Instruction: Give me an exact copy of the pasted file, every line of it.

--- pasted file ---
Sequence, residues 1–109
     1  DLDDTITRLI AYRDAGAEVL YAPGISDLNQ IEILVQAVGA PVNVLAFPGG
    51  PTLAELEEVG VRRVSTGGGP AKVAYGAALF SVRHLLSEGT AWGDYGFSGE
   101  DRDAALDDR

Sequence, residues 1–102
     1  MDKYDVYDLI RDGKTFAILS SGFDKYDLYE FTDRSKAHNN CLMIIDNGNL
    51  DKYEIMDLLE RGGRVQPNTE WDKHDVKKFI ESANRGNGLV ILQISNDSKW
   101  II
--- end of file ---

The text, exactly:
Sequence, residues 1–109
     1  DLDDTITRLI AYRDAGAEVL YAPGISDLNQ IEILVQAVGA PVNVLAFPGG
    51  PTLAELEEVG VRRVSTGGGP AKVAYGAALF SVRHLLSEGT AWGDYGFSGE
   101  DRDAALDDR

Sequence, residues 1–102
     1  MDKYDVYDLI RDGKTFAILS SGFDKYDLYE FTDRSKAHNN CLMIIDNGNL
    51  DKYEIMDLLE RGGRVQPNTE WDKHDVKKFI ESANRGNGLV ILQISNDSKW
   101  II